The most effective kind of education is that a child should play amongst lovely things.
I recently read this Plato quote in the book In Praise of Slowness by Carl Honore. I was really inspired by this quote as it came at a time when I was having an ah-ha moment as a parent (a moment that I’m ashamed to admit). It’s so easy and tempting to push the girls aside and put them in front of the tv, especially during times when my workload is heavier. We had a few weeks of crazy earlier this summer and all of a sudden, I realized the girls were basically being babysat by the tv. Zoe was not obeying well, she was being mean to Naomi, she hardly wanted to eat meals, and nothing else interested her; she only ever wanted to watch more tv! And I didn’t even love the shows they were watching, but out of desperation, I made exceptions and excuses like “at least they’re [trying to] teach the girls a good lesson.” Even though I always knew this arrangement wasn’t ideal, I decided that it had to end. That was my ah-ha moment.
As much as my daughters do not need tv, they do need unstructured (but somewhat supervised…because they are toddlers and toddlers don’t know what’s good and bad for them) play time. They need time to explore, to use their imaginations, to dig in the garden, to make messes. To build block towers and knock them down, to play with their dolls. To sit quietly in bed for 30 minutes and read books. To – gasp – even be bored. To learn how to do nothing.
My default parenting style – when they aren’t in front of the tv – is to hover over my kids, not allowing them to do any activity that makes too much of a mess, and to move them from one structured activity or outing to the next, all day long. Painting for 5 minutes, check! Reading for 30 seconds (hello, short attention spans), check! Tv for 1 hour, check! This for 20 minutes, that for 15 minutes, check! Whirlwind 2 hour trip running a million errands around town, check! Packing as much as I can into our days, trying to be the most efficient with our time to make every second count, and in the process burning out and not doing anything particularly well.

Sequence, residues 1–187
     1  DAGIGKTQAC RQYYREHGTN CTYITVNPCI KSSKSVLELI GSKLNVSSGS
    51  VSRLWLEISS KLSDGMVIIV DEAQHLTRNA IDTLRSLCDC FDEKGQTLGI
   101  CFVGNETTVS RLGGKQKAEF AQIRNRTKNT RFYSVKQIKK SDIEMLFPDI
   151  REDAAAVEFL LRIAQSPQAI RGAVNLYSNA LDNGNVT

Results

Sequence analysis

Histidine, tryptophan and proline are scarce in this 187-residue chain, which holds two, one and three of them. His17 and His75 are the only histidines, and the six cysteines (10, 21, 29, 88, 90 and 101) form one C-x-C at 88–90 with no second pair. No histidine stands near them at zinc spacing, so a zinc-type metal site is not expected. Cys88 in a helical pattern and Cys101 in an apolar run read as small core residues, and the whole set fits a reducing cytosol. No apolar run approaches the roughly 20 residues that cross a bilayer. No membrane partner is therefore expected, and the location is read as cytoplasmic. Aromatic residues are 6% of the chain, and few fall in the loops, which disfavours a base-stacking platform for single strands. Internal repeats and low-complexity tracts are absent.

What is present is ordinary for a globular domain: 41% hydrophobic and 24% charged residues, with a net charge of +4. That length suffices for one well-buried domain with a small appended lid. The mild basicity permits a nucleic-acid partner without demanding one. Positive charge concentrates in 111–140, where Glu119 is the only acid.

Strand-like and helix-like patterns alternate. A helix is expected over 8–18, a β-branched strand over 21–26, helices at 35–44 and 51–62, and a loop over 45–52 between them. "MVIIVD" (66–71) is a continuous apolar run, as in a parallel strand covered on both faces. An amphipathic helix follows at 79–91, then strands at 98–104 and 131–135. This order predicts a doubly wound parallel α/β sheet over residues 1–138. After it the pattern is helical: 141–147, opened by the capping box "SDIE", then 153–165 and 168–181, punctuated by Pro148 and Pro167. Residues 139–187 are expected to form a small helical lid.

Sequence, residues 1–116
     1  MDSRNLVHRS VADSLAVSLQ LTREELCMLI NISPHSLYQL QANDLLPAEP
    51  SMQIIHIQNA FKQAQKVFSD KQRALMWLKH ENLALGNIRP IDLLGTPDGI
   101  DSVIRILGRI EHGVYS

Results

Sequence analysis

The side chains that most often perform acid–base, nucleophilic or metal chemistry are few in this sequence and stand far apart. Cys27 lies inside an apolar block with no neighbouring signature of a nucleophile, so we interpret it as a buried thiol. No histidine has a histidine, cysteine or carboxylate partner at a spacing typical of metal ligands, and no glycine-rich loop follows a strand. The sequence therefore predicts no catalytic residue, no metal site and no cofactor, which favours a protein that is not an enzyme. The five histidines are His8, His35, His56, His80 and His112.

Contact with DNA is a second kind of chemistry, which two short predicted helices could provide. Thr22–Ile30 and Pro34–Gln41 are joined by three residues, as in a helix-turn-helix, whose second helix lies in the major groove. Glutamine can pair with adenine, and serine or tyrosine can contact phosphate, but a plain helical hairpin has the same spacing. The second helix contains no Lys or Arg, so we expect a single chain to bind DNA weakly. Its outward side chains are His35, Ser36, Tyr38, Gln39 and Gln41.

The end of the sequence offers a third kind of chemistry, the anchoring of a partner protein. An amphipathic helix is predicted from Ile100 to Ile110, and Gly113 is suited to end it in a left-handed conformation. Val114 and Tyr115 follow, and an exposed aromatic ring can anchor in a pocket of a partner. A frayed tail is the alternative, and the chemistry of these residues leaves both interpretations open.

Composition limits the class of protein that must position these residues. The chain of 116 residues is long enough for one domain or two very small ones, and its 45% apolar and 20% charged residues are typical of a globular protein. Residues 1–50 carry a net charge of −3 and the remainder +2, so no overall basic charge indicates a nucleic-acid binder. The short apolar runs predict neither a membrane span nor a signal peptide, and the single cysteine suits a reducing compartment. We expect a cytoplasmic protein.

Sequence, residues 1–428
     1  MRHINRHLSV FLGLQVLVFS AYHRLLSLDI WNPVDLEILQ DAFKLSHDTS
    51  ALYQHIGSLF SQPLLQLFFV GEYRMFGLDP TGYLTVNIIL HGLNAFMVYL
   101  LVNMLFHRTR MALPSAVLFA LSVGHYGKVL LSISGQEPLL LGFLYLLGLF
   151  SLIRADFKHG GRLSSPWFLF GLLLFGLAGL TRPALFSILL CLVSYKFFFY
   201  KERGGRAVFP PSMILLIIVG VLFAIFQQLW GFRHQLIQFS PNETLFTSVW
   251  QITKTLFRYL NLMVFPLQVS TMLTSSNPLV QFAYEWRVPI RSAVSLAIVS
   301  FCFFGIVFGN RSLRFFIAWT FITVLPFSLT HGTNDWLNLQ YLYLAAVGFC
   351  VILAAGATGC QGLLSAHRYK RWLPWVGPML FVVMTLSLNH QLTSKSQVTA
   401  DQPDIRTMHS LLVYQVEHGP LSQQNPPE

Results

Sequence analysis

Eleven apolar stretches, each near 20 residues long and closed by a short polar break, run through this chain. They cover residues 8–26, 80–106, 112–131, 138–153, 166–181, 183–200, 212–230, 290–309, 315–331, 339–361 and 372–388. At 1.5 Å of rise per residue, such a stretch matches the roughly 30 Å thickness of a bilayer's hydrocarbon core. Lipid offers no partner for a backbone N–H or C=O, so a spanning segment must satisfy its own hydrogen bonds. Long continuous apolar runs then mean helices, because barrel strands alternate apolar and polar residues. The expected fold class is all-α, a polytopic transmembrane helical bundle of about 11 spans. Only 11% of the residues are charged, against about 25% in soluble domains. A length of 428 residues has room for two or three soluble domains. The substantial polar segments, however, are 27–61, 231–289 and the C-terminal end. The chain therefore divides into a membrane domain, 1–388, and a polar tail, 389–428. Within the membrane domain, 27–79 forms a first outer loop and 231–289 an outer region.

I don’t want my girls to grow up too fast, to be mini adults with adult schedules by the time they’re 5. I don’t want them to have cellphones before they drive. I don’t want them to think that faster, more, busier, etc., are better. I do want them to explore the world around them, to realize that doing nothing isn’t a bad thing, to cherish their childhood. So how do we make this switch?
There are a few ways we’re making changes…:
Zoe just recently had her third birthday; she’s the busiest little three year old that I know (like mother like daughter). She always wants to be involved and be my “helper.” When I give her the opportunity, her imagination runs wild. I’m trying to learn how to embrace and encourage that.
A few days ago, I found her at the kitchen table, arranging some props I had forgotten to put away after a photo shoot. She was placing them this way and that way. She had found the oatmeal in the pantry and had dumped it into one of my bowls. She’d grabbed our salt & pepper pinch bowls and sprinkled some into the oats. When I walked into the kitchen, my initial reaction was to stop her from making the increasingly messy mess and quickly usher her away from my breakable props. But then I remembered that Plato quote, and stopped myself. She was playing amongst lovely things. She was measuring, counting, feeling, narrating. She was using her imagination, walking her “audience” (probably snapchat) through the process of making granola. She was being extremely gentle with the props. She played like that for almost an hour.
So, here I am, three years into being a parent and just when I feel like I’ve mastered it, I realize I’m just barely getting it, and still have so much to learn. I have a feeling this is going to be a common feeling over the next 20 years. But I’m so grateful for the opportunities to learn and grow and realize I’m not perfect and that I need to rely on the Lord in all my shortcomings!
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